Phosphate solubilizing microorganisms (PSMs) were isolated from rhizoplane, rhizosphere and non-rhizosphere of different leguminous plants. To isolate efficient phosphate solubilizers the rhizosphere and non-rhizosphere soil samples were enriched with different phosphate sources like tricalcium and rock phosphate. PSMs were detected in all the regions, but their number gradually decreased from rhizosphere, rhizoplane and non-rhizosphere soil. When compared to fungal population, bacterial population was more in number. Tephrosia purpurea recorded the highest bacterial population of 30.15 × 106 cfu/g, 50.51 × 106 cfu/g and 21.10 × 106 cfu/g in the rhizoplane, rhizosphere and non-rhizosphere regions respectively. In enrichment culture technique, highest phosphate solubilizing bacterial population was recorded in the rhizosphere soil of Clitoria ternatea (23 × 103 cfu/g) in tricalcium phosphate containing Pikovskaya’s (PVK) medium. In a plate assay method solubilization zone diameter produced by microorganisms was varied from 0.2 cm to 1.0 cm. The phosphate solubilization ability of the isolated microorganisms in a liquid PVK medium varied from 11.85 mg to 61.96 mg P2O5. The medium turned acidic during the incubation period. The pH varied among the organisms from the initial 6.5 to the final 3.2 during 15 days of incubation. Citric acid, fumaric acid, gluconic acid, glutaric acid, glyoxalic acid, ketobutyric acid, ketoglutaric acid, malic acid, malonic acid, succinic acid and tartaric acid are produced by the isolated PSMs. Seed or soil inoculation with phosphate solubilizing bacteria (PSB) is known to improve solubilization of fixed and applied phosphates in soil bring about higher crop yield. The PSM are effective as biofertilizers in enhancing crop yields in phosphate deficient soils. They are environmentally friendly and supply phosphate to plants in a sustainable manner.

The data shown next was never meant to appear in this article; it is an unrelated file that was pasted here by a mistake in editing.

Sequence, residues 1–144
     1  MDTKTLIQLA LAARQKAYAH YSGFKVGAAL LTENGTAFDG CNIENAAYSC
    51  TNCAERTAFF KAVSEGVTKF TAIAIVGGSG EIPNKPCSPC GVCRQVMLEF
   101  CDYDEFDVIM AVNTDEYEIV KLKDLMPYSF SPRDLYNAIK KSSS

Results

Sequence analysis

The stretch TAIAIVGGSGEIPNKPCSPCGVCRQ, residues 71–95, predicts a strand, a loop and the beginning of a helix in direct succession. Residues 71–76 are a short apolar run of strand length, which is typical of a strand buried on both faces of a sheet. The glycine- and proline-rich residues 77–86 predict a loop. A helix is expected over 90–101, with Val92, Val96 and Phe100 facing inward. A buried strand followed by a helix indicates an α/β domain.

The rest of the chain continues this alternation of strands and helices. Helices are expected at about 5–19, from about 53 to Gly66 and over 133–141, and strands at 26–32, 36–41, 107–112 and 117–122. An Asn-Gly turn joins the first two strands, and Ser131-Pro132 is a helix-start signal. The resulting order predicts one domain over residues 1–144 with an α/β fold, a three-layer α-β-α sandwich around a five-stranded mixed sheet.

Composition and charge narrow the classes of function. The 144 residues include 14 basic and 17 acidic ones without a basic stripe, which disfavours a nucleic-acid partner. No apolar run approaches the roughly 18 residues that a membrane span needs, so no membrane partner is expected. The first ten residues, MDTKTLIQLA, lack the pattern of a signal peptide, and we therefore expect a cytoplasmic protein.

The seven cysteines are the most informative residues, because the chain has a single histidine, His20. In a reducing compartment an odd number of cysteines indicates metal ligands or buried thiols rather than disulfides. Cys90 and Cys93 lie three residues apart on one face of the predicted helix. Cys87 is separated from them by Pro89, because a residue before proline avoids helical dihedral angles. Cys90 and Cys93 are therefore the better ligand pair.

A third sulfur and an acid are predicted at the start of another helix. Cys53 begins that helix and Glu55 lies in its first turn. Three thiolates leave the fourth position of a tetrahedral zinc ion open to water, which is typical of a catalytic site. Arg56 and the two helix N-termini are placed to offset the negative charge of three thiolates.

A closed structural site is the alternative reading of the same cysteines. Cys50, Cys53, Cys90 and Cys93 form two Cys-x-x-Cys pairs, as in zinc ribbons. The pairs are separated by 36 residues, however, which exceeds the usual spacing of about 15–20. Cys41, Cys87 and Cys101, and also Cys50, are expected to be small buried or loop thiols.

Selvi KB, Paul JJA, Vijaya V and Saraswathi K
All Published work is licensed under a Creative Commons Attribution 4.0 International License
Copyright © 2017 All rights reserved. iMedPub Last revised : November 24, 2017